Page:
Google’s first smartwatch is highly anticipated to the point that it likely won’t be able to live up to unbearable expectations. After almost nothing for months, the Pixel Watch leaks have come thick and fast. Here’s everything you need to know.

Delays, false dawns, and more have led to the first Google-made wearable finally getting its debut alongside the Pixel 7 and 7 Pro. Thanks to a mountain of last-minute leaks, we have a fairly solid picture of what to expect, and it’ll be interesting, to say the least.

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Design and accessories

The earliest leak of the Pixel Watch basically confirmed the design so early it was almost a shock that it looked so similar when it eventually broke cover in the first half of 2022. It’s not often that designs are set in stone at such an early phase, but with the Pixel watch rumored for so long, this could explain the design consistency.

Google is sticking with a simple circular shape with a curved edge-to-edge design that certainly borrows from the likes of the Ressence Type 3 luxury mechanical watch but without the extortionate entry cost. A rotating beveled crown is also on the right side with a button just above. It hasn’t been explicitly confirmed but it seems that you can use this to scroll through on-screen menus as you can on many other Wear OS watches.

A major point of contention looks like the 1.4-inch screen. Even though renders have shown fairly slim bezels, leaks of unboxed Pixel Watch demo units show that the bezels will be quite noticeable in the right lighting. Unlike many OEMs, Google is only going to offer its first wearable in one 40mm size, but with a 30mm actual workable screen space according to early hands-on leaks.

Only three chassis colors are set to be available. Black, gray, and gold cases are set to be available, which will pair with the Pixel 7 series device frames of the Obsidian, Snow, and Hazel finishes respectively. This will be great for cohesion if you do pick up the latest smartphone, but there is set to be a large selection of first-party straps and bands to choose from.

A proprietary connector is set to be used, which was briefly teased during the I/O unveiling. It seems that Pixel Watch bands will slide into place and can be detached with a release button on the outer bezel of the actual watch.

One recent leak has confirmed that a 20mm silicone band will be the default in-the-box accessory for the Pixel Watch. Positioned as the “Active” band, it seems that the Fitbit-style Infinity strap will start at $49. Leaked images of the Pixel Watch strap collection show that Google is going to offer fabric mesh bands, multiple silicone options, leather straps, plus some high-end metal bracelets.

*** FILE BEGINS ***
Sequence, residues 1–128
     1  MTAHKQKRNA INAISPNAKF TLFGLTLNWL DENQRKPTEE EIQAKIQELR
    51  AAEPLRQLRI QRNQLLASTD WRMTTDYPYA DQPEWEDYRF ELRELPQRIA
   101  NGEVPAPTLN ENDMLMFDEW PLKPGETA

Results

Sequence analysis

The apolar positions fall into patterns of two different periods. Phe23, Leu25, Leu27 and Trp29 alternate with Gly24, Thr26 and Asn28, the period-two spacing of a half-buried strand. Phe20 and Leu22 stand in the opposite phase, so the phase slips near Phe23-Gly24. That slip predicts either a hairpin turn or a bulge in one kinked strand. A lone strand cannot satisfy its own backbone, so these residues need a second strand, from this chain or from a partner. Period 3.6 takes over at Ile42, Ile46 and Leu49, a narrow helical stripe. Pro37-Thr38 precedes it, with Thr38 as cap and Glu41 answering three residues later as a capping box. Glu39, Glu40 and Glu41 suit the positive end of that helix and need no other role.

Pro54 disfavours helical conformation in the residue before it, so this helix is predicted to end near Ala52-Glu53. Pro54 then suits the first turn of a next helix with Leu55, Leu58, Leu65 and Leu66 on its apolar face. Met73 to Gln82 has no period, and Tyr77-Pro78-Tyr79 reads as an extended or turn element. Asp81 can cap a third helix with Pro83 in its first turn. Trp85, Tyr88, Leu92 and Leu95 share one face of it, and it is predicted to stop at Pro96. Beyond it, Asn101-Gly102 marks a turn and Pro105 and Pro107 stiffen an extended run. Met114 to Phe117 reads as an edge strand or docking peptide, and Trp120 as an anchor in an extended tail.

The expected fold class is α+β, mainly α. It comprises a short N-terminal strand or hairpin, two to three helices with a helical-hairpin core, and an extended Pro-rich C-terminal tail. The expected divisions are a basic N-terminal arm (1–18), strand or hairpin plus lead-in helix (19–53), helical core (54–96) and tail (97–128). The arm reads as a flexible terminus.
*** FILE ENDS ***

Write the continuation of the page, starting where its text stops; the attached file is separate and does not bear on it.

Specifications

pixel watch leaks

The reported internals for the Pixel Watch could leave a lot to be desired as our own leak indicates that it’ll utilize the Exynos 9110 chipset. This four-year-old processor was used on the original Galaxy Watch. It’s hard not to be concerned, but it is worth noting that a co-processor is set to be used which could help alleviate any major slowdowns and performance bottlenecks.

Another rumor suggests that the Pixel Watch was planned to launch back in 2018, which has led to the usage of an old processor. That could very well be the case, but we do not know if that is true. Given that Google has used less powerful processors for flagship devices in the past, there could be another reason entirely.

A saving grace could be the other internals. The Pixel Watch is set to come with over 1.5GB of RAM, which means that it should surpass what’s offered on any other Wear OS watch today. Adding to that, 32GB of storage is set to be offered. That is double that of existing devices and allows users to store content for offline playback and hopefully more as applications are updated.

Battery and charging

One of the most worrying aspects of the Pixel Watch has been the projected battery life. An early rumor suggests that the battery capacity will be capped just under the 300mAh threshold. Google has since confirmed “all-day battery life” with leaked marketing materials. It’s not actually clear if that means when using the Always-on display function or not though.